Home Inns Said to Near Purchase of Morgan Stanley Hotel

Home Inns & Hotels Management Inc. (HMIN), China’s second-biggest budget hotel operator, is close to an agreement to buy Morgan Stanley’s 59 percent stake in Shanghai Motel Management Ltd., two people familiar with the matter said.

Nasdaq-traded Home Inns is in advanced talks with Morgan Stanley and other shareholders and may sign an agreement as early as next week, the people said, asking not to be identified because the discussions are private. The deal may value Shanghai Motel Management at as much as $500 million, they said.

Morgan Stanley is selling control of the budget hotel chain five years after its real estate fund first invested in the company. Non-star, non-rated hotels accounted for 95 percent of China’s lodging industry at the end of 2008, making the business ripe for consolidation, Credit Suisse Group AG said in January.

Home Inns reported its net income fell 30 percent to 32.5 million yuan ($5 million) for the first quarter this year. 7 Days Group Holdings Ltd., China’s second-biggest branded budget hotel, reported on May 12 its net income for the first quarter fell 25 percent to 4.3 million yuan from the same period last year.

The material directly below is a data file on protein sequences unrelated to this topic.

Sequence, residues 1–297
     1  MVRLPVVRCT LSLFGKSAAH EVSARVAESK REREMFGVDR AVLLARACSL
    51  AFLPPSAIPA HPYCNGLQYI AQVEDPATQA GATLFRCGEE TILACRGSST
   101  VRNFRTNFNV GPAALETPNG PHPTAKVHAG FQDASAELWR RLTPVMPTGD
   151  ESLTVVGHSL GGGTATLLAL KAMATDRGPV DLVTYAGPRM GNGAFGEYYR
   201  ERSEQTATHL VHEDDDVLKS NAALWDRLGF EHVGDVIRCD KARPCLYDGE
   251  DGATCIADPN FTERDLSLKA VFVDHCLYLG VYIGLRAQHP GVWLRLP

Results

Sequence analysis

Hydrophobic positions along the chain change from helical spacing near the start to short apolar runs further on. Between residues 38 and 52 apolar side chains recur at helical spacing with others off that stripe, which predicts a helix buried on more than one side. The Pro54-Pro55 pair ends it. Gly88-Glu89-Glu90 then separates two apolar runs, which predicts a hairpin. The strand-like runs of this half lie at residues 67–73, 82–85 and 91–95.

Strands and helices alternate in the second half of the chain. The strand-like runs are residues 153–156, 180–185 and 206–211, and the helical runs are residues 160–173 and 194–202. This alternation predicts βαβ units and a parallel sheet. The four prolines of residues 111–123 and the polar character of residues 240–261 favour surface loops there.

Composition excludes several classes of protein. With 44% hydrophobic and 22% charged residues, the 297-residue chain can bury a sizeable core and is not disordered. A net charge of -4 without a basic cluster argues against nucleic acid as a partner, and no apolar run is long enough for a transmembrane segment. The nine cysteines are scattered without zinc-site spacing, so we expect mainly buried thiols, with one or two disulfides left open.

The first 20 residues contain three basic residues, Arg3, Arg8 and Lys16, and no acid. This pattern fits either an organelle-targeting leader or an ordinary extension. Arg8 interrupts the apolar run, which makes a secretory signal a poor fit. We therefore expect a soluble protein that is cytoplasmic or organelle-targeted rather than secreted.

Budget Hotels

Shanghai Motel Management operates Motel 168, China’s fourth-biggest branded budget hotel chain in terms of number of rooms with a 7.3 percent market share, according to Credit Suisse. The company also runs the Motel 268 premium brand.

The number of branded budget hotels in China jumped by an average 82 percent a year from 2000 through 2008, and their overall market share may rise from 0.9 percent at the end of that period to 5.5 percent in 2015, Credit Suisse said.

Noel Cheung, a Hong Kong-based spokeswoman at Morgan Stanley (MS), declined to comment. Home Inns Chief Financial Officer Yan Huiping didn’t respond to three calls to her office.

Morgan Stanley early last year planned to sell its stake through a public offering and decided to find a strategic buyer instead around fall due to market volatility, one of the people said. Selling shares to the public may have also limited the amount it could offload, the person said.

New York-based Morgan Stanley received up to a $1 billion non-binding bid when it first started the sale process late last year, the person said.

The offers in the March bidding round came lower as share prices of Nasdaq-listed Chinese hotels fell, two people with knowledge of the matter said in April. China Lodging Group Ltd. (HTHT), which operates the Hanting Inns & Hotels chain, also submitted a bid at the time, the people said.

To contact the reporter on this story: Cathy Chan in Hong Kong at kchan14@bloomberg.net

To contact the editor responsible for this story: Philip Lagerkranser at lagerkranser@bloomberg.net

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